Future of the storm-damaged church is currently being assessed


East End United Methodist Church officials have enlisted three local companies to evaluate how to proceed with reconstruction efforts following the March 3 tornado that devastated the historic structure that housed the congregation. They are currently hoping to start rebuilding in 2021.

EEUMC’s Judi Hoffman says in a release that the building — located near Five Points at 1212 Holly St. and generally considered one of the city’s most noteworthy houses of worship due to its history, design and location — is not expected to precisely replicate the prior design. Specifically, issues related to the Americans with Disabilities Act, vehicular access, energy efficiencies and technology capabilities would almost certainly preclude such an effort.

The evaluation effort is expected to take roughly three months. No price tag to reinvent the property has been disclosed.

EEUMC is using project management firm CapEX Cumming, EOA Architects and EMC Structural Engineers. Each is locally based. The development team is determining what physical components of the historic existing church facility could be salvaged and which features need to be incorporated with new design and construction.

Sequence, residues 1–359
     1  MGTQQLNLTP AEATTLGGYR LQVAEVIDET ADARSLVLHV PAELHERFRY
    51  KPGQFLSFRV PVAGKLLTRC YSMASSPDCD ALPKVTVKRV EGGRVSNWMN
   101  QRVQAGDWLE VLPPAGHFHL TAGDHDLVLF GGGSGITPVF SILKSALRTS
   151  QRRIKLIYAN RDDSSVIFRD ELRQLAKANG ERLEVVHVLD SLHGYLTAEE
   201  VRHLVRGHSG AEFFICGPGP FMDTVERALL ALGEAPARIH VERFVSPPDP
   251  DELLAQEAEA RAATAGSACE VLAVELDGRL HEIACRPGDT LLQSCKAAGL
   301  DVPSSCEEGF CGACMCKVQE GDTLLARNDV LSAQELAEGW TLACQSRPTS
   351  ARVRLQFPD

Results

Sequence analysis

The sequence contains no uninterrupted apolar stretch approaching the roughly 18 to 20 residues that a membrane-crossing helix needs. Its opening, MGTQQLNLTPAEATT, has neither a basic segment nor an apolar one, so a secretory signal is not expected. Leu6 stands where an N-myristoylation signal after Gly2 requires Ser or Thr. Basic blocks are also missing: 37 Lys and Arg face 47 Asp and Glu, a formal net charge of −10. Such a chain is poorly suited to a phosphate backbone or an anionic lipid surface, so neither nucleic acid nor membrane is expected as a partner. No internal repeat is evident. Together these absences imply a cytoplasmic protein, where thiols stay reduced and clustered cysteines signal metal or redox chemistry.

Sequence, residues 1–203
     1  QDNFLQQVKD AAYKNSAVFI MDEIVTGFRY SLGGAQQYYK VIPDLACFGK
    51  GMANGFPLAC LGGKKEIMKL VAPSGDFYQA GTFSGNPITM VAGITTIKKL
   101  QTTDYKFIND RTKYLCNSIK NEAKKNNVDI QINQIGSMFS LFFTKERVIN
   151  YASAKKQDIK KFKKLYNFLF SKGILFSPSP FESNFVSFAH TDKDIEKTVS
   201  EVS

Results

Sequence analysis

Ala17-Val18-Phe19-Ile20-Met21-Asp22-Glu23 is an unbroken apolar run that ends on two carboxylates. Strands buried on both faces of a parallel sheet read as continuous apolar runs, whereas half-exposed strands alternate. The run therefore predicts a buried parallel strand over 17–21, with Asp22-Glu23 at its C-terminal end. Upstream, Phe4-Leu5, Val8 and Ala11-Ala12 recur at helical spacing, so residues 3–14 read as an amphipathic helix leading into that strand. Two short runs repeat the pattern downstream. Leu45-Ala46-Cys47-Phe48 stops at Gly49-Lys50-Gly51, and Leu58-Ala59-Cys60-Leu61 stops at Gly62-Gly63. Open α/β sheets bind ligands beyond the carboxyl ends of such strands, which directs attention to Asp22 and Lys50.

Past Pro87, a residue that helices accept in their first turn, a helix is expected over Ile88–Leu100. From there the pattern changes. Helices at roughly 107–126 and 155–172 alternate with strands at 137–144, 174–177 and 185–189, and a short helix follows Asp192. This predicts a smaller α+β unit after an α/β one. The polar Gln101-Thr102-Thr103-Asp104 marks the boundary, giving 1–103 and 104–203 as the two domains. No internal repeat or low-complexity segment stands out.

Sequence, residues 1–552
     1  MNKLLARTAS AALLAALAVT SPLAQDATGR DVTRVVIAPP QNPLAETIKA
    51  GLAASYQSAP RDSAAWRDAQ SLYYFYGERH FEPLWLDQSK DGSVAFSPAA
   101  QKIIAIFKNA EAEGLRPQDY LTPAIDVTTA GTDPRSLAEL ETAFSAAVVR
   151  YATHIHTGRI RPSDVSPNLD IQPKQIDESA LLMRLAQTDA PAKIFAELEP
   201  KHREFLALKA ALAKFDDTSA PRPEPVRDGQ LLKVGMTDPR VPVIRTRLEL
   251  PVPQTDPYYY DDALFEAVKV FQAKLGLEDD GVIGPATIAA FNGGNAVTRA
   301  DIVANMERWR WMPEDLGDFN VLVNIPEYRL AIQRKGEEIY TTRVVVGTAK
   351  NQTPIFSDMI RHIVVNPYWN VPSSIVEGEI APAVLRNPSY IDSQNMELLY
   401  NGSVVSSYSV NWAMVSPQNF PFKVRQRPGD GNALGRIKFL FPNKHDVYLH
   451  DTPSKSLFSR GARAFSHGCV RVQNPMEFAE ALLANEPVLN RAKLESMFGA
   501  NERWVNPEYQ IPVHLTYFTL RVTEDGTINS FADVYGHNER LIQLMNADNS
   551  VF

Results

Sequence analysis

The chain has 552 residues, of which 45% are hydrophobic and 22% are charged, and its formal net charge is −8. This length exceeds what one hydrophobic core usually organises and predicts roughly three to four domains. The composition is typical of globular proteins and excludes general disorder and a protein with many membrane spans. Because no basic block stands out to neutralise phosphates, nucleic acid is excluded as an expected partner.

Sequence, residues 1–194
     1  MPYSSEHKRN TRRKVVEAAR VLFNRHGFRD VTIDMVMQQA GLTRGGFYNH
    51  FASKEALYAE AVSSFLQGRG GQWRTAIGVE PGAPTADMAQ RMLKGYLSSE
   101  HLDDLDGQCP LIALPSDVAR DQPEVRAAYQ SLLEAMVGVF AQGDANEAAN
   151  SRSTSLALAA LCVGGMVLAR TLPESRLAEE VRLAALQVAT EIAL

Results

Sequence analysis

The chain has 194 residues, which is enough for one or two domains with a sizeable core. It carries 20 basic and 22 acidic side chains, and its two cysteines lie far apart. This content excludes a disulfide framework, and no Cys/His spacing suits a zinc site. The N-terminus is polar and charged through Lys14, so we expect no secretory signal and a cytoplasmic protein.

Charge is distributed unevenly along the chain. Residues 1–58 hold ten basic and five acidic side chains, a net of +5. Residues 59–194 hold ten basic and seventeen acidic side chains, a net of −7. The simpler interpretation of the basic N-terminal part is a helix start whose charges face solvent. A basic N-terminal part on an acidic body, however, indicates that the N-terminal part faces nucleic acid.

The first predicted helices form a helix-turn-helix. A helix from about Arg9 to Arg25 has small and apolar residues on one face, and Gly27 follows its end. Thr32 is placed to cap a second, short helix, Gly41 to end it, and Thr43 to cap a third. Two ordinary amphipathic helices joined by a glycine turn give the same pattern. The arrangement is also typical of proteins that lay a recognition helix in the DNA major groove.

“God has provided us with a real opportunity during these interesting times, one that will allow us to accommodate our community better than ever before as we move to rebuild our place of worship,” Hoffman says in the release. “We will not be coming back at the status quo, but more accessible and much stronger, while maintaining the historic significance of this magnificent landmark.”

East End United Methodist Church was founded in 1889. In 1890, a wood-frame building was erected at 1100 Fatherland St. and was used until 1905. In that year, the parcel of land at 13th and Holly Street was purchased, and money was raised to build the walls, roof and tower. In 1907, the cornerstone was laid, and shortly thereafter the iconic stained-glass window facing Holly Street was installed. In 1921, an east wing addition for Sunday school was constructed behind the sanctuary building. The parsonage was built in 1923, and in the 1950s, the neighborhood wing was constructed in the rear part of the property.

Steve Rutland, CapEX Cumming vice president, says that given the church’s historical importance and sentimental value, “our teams will be making sure to take extra precautions” with the original stained-glass windows, bell tower and organ.

CapEX Cumming recently merged with Cumming, an international project and cost management consultancy, and provides construction project management and owner representation, estimating and scheduling.